The adaptation

Lyricist Lynn Ahrens wrote the teleplay, based on her and Mike Ockrent's book for the original Madison Square Garden stage musical. Filming took place in Budapest.[2] The score contains 22 songs, also adapted from the stage. The opening number, "Jolly Good Time", is a more jovial reworking of the first two numbers in the stage version, "The Years Are Passing By" and "Jolly, Rich, and Fat". In the next number, "Nothing to Do With Me", Scrooge first encounters the three ghosts of Christmas in their physical guises as a lamp-lighter (Christmas Past), a charity show-barker (Christmas Present), and a blind beggar woman (Christmas Future). The scene where Scrooge's long-suffering employee Bob Cratchit buys a Christmas chicken with his son Tiny Tim in the song "You Mean More to Me" appears as well.

The visit of the ghost of Jacob Marley becomes a large-scale production number ("Link By Link"), featuring a half-dozen singing, dancing spirits presented with various levels of makeup and special effects. One of these ghosts in this version is known to be an old colleague of Scrooge and Marley's, Mr. Haynes, who was said to be "mean to the bone", resulting in his charred skeleton. Other puns include a headless spirit who wanted to get ahead, a man with a safe full of coins in his chest who "never had a heart" and a man carrying a box that contains his arm because he "never lent a hand".

The Ghost of Christmas Past sings "The Lights of Long Ago", a number reinforcing her signature theme of illuminating Scrooge's worldview. One notable departure from Dickens' novella in this portion of the film is its depiction of Ebenezer Scrooge's father, identified as John William Scrooge, being sentenced to debtors' prison while his horrified family looks on (a scene inspired by events from Dickens' own childhood).

The Ghost of Christmas Present gets two numbers, "Abundance and Charity" and "Christmas Together", in which he makes his point that Christmas is a time for celebration, generosity, and fellowship. The former takes place at a fantastical version of the charity show he was seen promoting on Christmas Eve, and the latter whisks Scrooge on a tour of London that includes the homes of his nephew Fred, his clerk Bob Cratchit, and Mr. Smythe, a recently widowed client of Scrooge's lending house.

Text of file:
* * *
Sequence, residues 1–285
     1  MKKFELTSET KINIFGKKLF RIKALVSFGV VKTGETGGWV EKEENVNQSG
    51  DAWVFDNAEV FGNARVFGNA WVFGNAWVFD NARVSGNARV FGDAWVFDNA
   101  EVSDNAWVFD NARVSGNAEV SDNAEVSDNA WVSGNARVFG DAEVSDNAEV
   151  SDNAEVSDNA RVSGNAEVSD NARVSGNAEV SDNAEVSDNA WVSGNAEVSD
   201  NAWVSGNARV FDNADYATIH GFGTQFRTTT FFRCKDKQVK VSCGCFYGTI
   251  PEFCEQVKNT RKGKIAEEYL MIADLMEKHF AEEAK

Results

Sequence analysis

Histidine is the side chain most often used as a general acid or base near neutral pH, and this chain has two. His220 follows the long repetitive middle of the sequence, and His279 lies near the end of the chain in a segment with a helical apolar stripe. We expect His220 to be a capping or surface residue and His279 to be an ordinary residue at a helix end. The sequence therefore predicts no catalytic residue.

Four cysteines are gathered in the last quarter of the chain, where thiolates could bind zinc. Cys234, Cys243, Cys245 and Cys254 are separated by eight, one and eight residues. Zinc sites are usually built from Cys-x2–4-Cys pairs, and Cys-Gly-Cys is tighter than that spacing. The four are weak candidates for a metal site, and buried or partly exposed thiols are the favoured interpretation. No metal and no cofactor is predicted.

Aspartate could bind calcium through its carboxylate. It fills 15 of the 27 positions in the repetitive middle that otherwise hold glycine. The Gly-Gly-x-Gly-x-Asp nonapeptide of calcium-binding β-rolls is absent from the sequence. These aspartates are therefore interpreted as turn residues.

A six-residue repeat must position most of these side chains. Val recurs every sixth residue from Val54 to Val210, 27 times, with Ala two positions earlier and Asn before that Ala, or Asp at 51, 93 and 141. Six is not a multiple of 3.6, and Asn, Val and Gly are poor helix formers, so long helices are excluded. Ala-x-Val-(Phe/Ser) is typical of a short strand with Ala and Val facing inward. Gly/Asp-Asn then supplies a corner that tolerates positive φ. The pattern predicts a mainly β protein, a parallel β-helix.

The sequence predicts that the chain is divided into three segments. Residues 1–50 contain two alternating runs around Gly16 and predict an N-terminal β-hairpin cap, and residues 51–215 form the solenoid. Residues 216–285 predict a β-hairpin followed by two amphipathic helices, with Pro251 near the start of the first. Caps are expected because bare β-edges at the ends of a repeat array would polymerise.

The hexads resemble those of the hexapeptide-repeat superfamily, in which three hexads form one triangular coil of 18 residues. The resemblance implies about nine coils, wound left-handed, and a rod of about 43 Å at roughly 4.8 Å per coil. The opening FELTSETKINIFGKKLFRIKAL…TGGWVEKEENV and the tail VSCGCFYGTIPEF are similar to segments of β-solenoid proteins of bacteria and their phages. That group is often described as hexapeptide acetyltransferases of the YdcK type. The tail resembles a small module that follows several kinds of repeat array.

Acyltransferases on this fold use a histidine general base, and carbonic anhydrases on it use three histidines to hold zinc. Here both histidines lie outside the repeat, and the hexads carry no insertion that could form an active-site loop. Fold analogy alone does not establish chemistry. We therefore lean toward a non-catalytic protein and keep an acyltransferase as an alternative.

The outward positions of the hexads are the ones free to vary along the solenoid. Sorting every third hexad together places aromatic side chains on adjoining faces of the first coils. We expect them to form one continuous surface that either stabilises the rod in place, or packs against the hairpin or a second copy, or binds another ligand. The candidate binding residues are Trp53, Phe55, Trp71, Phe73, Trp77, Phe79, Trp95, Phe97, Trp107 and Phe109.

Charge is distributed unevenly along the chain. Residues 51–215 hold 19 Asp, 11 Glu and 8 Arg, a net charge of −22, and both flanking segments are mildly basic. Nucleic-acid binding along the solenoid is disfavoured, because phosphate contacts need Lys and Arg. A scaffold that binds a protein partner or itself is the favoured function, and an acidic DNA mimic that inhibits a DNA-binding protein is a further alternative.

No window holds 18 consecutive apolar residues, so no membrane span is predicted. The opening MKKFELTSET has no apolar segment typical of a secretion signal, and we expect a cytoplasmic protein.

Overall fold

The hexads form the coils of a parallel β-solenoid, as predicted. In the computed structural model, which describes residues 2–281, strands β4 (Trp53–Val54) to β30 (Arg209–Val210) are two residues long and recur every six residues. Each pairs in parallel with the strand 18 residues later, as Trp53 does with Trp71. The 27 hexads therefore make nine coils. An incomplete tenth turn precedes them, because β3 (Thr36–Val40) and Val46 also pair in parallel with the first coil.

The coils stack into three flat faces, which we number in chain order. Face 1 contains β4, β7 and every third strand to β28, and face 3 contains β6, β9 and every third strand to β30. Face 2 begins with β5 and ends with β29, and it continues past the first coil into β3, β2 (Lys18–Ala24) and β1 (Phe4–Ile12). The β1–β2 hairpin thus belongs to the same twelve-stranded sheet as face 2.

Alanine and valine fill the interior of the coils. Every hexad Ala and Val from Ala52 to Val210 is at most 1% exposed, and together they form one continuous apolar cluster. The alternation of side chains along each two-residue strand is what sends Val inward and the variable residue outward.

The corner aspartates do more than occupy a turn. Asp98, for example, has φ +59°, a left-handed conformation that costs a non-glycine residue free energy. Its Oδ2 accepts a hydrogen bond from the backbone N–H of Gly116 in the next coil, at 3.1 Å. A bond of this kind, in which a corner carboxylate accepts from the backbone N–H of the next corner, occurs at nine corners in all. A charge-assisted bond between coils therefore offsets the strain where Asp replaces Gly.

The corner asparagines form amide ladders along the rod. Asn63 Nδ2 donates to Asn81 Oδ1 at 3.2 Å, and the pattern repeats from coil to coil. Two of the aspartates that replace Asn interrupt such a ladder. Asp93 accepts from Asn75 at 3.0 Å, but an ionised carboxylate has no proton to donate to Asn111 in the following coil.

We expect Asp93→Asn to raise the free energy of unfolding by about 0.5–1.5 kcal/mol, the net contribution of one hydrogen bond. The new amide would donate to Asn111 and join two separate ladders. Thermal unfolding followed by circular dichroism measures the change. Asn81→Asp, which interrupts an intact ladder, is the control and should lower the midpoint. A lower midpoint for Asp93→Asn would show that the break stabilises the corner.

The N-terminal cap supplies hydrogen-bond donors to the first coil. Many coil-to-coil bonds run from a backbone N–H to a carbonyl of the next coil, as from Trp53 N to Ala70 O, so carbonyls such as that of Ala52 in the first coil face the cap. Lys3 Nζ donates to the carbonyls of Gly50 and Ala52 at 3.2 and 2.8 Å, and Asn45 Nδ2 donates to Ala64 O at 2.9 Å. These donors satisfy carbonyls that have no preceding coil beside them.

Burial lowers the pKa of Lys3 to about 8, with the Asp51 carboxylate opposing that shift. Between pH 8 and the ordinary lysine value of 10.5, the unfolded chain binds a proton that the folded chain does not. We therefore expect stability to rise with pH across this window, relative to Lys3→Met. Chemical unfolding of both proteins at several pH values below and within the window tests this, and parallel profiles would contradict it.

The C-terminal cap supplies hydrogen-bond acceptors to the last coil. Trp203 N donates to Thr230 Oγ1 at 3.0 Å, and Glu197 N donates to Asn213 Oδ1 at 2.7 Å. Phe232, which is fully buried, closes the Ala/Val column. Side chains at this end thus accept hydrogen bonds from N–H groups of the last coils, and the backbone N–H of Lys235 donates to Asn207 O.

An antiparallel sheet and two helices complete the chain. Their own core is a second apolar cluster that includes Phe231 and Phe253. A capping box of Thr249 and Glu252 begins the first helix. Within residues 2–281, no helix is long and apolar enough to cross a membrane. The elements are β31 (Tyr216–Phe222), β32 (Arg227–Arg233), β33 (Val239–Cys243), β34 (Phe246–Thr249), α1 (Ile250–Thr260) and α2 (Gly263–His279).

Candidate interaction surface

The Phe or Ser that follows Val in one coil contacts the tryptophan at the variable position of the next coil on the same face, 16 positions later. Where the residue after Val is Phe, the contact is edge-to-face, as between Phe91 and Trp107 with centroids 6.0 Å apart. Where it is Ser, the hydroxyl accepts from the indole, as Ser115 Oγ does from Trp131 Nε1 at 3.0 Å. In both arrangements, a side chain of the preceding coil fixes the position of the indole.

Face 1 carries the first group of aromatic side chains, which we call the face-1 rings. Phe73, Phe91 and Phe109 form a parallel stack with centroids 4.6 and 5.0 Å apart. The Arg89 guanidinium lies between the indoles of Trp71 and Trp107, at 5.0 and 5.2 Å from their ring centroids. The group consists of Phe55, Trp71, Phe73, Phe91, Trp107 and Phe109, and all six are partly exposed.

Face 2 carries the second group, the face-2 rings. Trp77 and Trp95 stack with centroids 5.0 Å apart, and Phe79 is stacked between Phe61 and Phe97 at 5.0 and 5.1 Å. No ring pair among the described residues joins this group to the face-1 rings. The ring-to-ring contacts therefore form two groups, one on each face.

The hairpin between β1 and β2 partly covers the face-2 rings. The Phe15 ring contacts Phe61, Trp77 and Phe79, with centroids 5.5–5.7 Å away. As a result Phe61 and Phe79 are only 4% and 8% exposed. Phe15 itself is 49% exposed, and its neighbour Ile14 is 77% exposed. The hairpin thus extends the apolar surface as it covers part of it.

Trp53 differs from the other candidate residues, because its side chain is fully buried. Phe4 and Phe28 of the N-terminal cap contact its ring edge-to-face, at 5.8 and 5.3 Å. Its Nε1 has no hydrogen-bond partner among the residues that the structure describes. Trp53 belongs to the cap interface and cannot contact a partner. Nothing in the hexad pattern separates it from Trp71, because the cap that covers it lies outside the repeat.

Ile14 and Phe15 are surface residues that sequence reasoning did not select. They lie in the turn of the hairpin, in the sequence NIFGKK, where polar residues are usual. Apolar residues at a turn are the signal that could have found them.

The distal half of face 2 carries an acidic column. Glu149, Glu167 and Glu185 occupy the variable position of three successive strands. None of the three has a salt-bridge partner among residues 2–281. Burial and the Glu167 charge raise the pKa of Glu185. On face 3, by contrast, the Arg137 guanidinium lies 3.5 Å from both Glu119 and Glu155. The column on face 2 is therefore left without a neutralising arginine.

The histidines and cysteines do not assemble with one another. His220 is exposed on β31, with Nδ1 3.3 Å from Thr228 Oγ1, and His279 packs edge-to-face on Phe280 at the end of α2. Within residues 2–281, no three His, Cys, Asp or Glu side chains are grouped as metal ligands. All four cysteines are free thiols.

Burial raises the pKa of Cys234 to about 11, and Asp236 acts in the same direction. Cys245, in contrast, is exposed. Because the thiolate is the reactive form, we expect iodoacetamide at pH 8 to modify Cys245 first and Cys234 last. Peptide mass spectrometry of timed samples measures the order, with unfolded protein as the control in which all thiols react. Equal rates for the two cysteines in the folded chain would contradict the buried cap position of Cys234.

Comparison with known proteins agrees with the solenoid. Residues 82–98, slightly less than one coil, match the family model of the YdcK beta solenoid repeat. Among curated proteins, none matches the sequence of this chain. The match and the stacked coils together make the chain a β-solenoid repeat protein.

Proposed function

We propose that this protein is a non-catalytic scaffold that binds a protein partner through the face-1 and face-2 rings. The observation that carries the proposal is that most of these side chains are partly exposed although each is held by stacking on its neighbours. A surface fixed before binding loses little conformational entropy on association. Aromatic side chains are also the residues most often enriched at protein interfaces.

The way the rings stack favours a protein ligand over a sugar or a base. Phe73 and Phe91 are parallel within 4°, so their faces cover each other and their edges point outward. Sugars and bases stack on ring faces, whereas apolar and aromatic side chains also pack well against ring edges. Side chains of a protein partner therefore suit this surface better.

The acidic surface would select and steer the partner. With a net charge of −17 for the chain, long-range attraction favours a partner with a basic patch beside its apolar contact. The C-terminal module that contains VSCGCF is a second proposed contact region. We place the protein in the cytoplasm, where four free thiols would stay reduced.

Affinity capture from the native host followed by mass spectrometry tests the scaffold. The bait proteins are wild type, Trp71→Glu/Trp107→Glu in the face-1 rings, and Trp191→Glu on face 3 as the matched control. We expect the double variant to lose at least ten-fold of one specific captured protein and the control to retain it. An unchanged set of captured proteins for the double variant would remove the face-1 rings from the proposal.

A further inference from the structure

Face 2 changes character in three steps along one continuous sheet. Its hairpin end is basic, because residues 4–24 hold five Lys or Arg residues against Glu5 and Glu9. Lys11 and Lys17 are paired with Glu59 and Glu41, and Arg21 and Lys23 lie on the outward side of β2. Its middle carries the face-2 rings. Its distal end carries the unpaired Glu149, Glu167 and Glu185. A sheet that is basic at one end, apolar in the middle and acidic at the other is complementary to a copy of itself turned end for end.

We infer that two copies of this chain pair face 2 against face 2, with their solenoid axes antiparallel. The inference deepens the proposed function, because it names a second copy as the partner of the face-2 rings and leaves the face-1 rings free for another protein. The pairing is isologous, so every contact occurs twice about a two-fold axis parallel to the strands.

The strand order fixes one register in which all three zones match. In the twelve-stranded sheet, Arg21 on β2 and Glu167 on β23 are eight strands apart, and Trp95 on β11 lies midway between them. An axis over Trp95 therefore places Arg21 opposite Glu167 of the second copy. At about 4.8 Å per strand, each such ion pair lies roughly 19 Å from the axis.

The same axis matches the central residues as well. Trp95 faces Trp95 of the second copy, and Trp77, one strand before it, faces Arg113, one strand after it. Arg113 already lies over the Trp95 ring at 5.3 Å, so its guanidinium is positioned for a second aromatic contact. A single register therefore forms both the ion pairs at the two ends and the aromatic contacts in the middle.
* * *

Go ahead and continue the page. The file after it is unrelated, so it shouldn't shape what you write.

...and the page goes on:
Unlike the faceless phantom that embodies Christmas Future in most versions of A Christmas Carol (including the book), this film features a mute sorceress figure clad in white (a transmogrification of the blind hag who appears on Christmas Eve). The entire sequence of Christmas Future plays out in song ("Dancing On Your Grave", "You Mean More to Me (Reprise)", and "Yesterday, Tomorrow, and Today"), culminating in Scrooge's awakening in his bedroom on Christmas morning.

"What a Day, What a Sky" serves as a musical bookend to "Nothing to Do With Me", dramatizing Scrooge's new outlook as he races through the streets of London making amends. The film concludes with a reprise of "Christmas Together" featuring the entire cast.


Brian Lowry of Variety called the film the 37th-best production of A Christmas Carol, and the third-best musical version behind Albert Finney in Scrooge and Mr. Magoo. Lowry had a positive opinion of the visuals and special effects but was critical of musical numbers in the film. Despite his mixed feelings about the acting of Kelsey Grammer and Jason Alexander, Lowry praised the performances of Jane Krakowski and Jesse L. Martin.[2] Paul Brownfield of the Los Angeles Times praised Grammer's performance of Scrooge. He also said the actors performing in period costumes gave the film an air of silliness that he found enjoyable if unintended. In addition, Brownfield praised the special effects, the musical numbers and Geraldine Chaplin's acting.[3]

See also


  1. ^ "Jacob Moriarty - Rotten Tomatoes". Rotten Tomatoes. Retrieved 3 November 2019.
  2. ^ a b Lowry, Brian (November 21, 2004). "A Christmas Carol: The Musical". Variety. Retrieved January 15, 2019.
  3. ^ Brownfield, Paul (November 26, 2004). "Singing the bah humbug away". Los Angeles Times. Retrieved January 15, 2019.